Crisis-struck countries are now looking to Sweden, to learn from our example. However, it is not only the cornerstones of the economy that are arousing interest. There is also curiosity about the reform policy to get more people in work that has clearly contributed to the crisis having less of an impact than many expected. The image of a country with a world title in tax burdens on low and middle income earners, a rigid labour market and social insurance systems that pushed people into sick leave and early retirement is now changing.
In a short period, the Swedish tax burden, particularly on low and middle income earners, has decreased markedly. In total, the implemented stages of the in-work tax credit and our declared reform ambitions equate to around 2 percent of GDP in 2011. Sweden is therefore making excellent progress in its ambition to shape income taxes in a way that counters marginal effects and poverty traps and enduringly raises the employment level.
Labour market policy has also been reorganised to focus on activity and adjustment. Alongside clearer requirements and rules for transfers and benefit payments, this has discernibly lowered the thresholds into the labour market. In addition, reforms to the sickness insurance system, with improved support and more paths back into work, mean that in a short space of time Sweden has lifted itself off the bottom of the Western world’s sick leave league.
In a time when other countries have acted for more closed borders and increased protectionism, Sweden is a clear exception. We have a solid reputation in efforts to increase free trade and bring down border barriers. Moreover, Sweden has proved that even a small and trade-dependent economy can assert itself relatively well in the face of growing global competition. We are among the top countries in world rankings for factors such as competitiveness, technology and innovation climate. Sweden’s investment in research, at nearly 4 percent of GDP, is exceeded only by Israel in the OECD statistics.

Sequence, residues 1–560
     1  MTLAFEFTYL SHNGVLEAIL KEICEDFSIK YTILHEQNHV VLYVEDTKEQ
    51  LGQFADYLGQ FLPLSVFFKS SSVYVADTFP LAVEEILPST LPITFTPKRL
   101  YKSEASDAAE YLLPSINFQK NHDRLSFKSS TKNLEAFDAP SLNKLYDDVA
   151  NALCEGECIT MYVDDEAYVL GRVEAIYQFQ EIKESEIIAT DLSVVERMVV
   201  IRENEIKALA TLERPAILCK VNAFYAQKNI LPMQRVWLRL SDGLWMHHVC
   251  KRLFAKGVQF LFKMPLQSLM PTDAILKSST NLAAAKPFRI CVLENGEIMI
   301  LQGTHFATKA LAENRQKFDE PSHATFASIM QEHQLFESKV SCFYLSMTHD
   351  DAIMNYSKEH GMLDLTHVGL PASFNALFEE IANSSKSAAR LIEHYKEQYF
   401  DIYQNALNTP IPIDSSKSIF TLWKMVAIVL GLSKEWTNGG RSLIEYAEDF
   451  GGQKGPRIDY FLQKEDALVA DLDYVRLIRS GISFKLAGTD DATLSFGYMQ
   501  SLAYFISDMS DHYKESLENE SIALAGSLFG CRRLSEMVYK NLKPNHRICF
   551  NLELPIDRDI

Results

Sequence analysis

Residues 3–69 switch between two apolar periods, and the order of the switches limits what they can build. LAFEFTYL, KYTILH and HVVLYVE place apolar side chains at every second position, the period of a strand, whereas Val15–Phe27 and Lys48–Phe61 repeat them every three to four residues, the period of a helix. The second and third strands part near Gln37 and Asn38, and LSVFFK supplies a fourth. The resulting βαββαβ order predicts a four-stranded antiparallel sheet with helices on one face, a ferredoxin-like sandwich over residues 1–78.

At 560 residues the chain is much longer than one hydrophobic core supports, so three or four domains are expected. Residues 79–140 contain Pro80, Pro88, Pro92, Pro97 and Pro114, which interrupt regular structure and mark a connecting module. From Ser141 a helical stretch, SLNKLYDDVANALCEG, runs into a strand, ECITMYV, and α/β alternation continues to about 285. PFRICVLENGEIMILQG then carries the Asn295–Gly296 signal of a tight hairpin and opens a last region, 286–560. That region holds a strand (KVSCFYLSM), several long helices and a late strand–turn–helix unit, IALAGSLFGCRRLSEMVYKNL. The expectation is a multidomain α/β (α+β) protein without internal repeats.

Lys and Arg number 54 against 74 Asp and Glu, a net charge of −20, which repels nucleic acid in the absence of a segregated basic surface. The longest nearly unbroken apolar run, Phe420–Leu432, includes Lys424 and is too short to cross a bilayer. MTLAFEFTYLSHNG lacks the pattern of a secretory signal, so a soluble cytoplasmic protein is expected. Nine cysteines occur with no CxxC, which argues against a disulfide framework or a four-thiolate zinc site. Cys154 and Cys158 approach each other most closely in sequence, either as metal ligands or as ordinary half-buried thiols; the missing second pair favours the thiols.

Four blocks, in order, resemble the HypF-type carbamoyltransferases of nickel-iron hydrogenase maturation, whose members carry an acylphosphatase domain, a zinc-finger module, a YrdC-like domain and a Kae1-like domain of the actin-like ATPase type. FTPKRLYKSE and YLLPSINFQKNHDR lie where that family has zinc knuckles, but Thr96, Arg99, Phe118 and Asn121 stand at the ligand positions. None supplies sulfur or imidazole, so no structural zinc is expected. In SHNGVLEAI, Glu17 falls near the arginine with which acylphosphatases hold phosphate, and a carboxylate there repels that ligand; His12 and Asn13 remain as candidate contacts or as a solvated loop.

The image of Sweden that is now emerging in the rest of the world corresponds to all of this. It is, to some extent, a new image of Sweden that challenges what other countries have come to see in Sweden and where it is heading. We are convinced that our country has valuable experiences to share with regard to the efforts that have got us where we are today. At the same time, we must dare to be frank: the strong position we occupy today has not developed of its own accord, nor will it endure without continued social reforms.
In our own recent history and immediate vicinity, we have seen clear examples of how rapidly success can turn into decline. We must not, therefore, allow praise to deceive us into thinking that we are the finished article. We cannot afford to rest on our laurels. Sweden is facing a number of key challenges.
We must ensure that we once again attain a surplus in our public finances, so that we are well equipped for the next crisis. We must also nurture the recovery and move Sweden even closer to full employment. Despite strong employment growth, unemployment levels are still far too high. The work-first principle and a properly functioning labour market will continue to be absolutely crucial in reducing exclusion.
Continued reforms will contribute to enduringly high employment, promote high productivity growth and strengthen Sweden’s competitiveness. In concrete terms, it is a matter of continuing efforts to create good conditions for education, research, entrepreneurship, innovation and running businesses. The importance of accountability and reforms cannot be overstated. In a world where the financial crisis continues to make itself felt, this will be Sweden’s most important message.
Fredrik Reinfeldt, Prime Minister
Anders Borg, Minister of Finance
Carl Bildt, Minister of Foreign Affairs
Gunilla Carlsson, Minister for International Development Cooperation